Jul 19, 2017
Australia is one of those countries I had heard lots about but never actually visited until relatively recently, when a conference presentation in Brisbane took me there. I returned not long afterwards with my family having been taken with what I had seen, but ultimately with few expectations. We did travel however with a reasonable amount of knowledge about the place, and a very well planned and tightly managed itinerary.
Starting off in Sydney after a reasonable length flight from Shanghai, the city was really impressive. Staying close to the beach and being able to walk or bus to the city centre helped, but the landmarks, weather and scenery all stood out. The Blue Mountains, a short train journey away, were particularly impressive. So too was the general level of health and fitness that seemed to be in daily evidence.
After Sydney our next stop was Adelaide. Staying only a night after a morning flight meant there was little time for the city to leave a distinct impression, but it seemed very pleasant, even if driving a car rental threw me slightly, with the junctions having an almost North American feel to them if I recall correctly, but the actual driving rules and expectations being more British in design. The drive along the Great Ocean road was certainly worthwhile, even if the days were quite long, as the scenery was stunning.
Arriving into Melbourne after a long drive was nice. The city itself has something of an arty, youthful feel to it. The street art was memorable and so too some of the street performances. The zoo was also a plus. I’ve had a general dislike of animals being kept in captivity for a while, but this was a lot more spacious and tasteful than many places I’ve seen around the world.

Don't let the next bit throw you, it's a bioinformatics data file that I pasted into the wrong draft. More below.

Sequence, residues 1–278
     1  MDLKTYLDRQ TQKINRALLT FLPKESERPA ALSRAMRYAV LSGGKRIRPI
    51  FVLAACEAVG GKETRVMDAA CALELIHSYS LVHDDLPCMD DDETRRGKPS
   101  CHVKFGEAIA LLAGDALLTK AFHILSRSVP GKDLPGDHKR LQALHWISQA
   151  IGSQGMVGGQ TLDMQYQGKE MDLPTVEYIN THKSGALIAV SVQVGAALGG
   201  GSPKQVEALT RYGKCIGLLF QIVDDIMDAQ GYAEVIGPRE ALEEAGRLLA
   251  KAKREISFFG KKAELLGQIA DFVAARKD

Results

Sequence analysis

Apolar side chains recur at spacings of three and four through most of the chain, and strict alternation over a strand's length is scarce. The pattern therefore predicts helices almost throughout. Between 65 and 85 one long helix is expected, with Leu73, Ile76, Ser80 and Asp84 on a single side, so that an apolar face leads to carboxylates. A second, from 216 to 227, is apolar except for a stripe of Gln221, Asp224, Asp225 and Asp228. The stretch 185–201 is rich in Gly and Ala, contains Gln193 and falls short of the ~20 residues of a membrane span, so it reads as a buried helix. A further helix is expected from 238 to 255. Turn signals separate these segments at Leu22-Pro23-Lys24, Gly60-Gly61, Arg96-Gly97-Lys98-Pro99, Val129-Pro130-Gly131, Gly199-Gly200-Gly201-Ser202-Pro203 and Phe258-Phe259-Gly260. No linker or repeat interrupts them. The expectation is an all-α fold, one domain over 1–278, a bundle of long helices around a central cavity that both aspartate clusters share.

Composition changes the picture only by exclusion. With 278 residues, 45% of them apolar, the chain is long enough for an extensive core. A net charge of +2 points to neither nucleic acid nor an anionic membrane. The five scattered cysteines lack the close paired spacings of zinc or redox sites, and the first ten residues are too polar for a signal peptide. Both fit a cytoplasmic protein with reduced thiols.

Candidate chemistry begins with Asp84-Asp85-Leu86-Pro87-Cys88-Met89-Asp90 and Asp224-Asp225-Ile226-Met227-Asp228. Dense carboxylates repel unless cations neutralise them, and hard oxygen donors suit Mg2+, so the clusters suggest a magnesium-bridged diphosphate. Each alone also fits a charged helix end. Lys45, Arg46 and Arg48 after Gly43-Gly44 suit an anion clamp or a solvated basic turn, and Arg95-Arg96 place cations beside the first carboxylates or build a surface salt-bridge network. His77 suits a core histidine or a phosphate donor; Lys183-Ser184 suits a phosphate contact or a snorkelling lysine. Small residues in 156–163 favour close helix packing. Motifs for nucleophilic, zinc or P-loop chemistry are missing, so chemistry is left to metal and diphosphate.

From Melbourne it was a flight to Brisbane, a city I was at least slightly familiar with. This is an easy city to navigate and in some respects, akin to many British cities in terms of size, accessibility, design and layout. It also provided us with a base from which to travel up to the Whitsundays, a location which has some incredible sights. Flying over heart shaped reefs in a helicopter lives long in the memory, so too landing on white sands with the sea alive with all kinds of ocean life of varying sizes.
Returning to Brisbane afterwards meant we also had easy access to Fraser Island, although we did relocate here. Again the scenery here was spectacular, and travelling over the sand in a monster bus that wouldn’t have been amiss as a military transport, given the ease it traversed over bumpy sandy steep roads, still lives long in the memory. The other places we travelled to from Brisbane included Surfers Paradise and Byron Bay, both nice, if somewhat touristy, places to visit.
The only potential regret from this trip was not having quite enough time to squeeze in Uluru, but it’s probably a good thing we didn’t try as timings only just held in the three weeks we had and it was by no means an inexpensive trip given local prices and the amount of travelling which was required. Still, Australia is an incredible place to visit and well worth doing so. Maybe a return trip will beckon!
About the Column
Gareth Morris is a university language teacher. He is also a part-time doctoral student. Gareth first moved to China in 2005 and, after spending a couple of years back in the UK studying for his PGCE and Masters, has now returned to the city he calls home. During his time in China Gareth has travelled extensively. His travels have taken him from Beijing and Xian to Kunming and Haikou. He has also spent time in Hong Kong and Macao. In addition to this, Gareth has lived in a number of countries across Europe, North and Central America and Asia. Closer to home, Gareth has enjoyed visiting numerous localities within Jiangsu, Zhejiang and Anhui. His Livingsu column will explore local places of interest found within walking distance of Metro line 1.